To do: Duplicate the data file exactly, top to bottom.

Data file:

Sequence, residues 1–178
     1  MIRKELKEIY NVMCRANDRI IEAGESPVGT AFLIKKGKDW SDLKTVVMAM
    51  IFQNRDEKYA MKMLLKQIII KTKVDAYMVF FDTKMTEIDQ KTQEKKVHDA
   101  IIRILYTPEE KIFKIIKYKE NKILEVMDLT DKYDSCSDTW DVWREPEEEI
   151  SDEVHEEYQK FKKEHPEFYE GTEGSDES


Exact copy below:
Sequence, residues 1–178
     1  MIRKELKEIY NVMCRANDRI IEAGESPVGT AFLIKKGKDW SDLKTVVMAM
    51  IFQNRDEKYA MKMLLKQIII KTKVDAYMVF FDTKMTEIDQ KTQEKKVHDA
   101  IIRILYTPEE KIFKIIKYKE NKILEVMDLT DKYDSCSDTW DVWREPEEEI
   151  SDEVHEEYQK FKKEHPEFYE GTEGSDES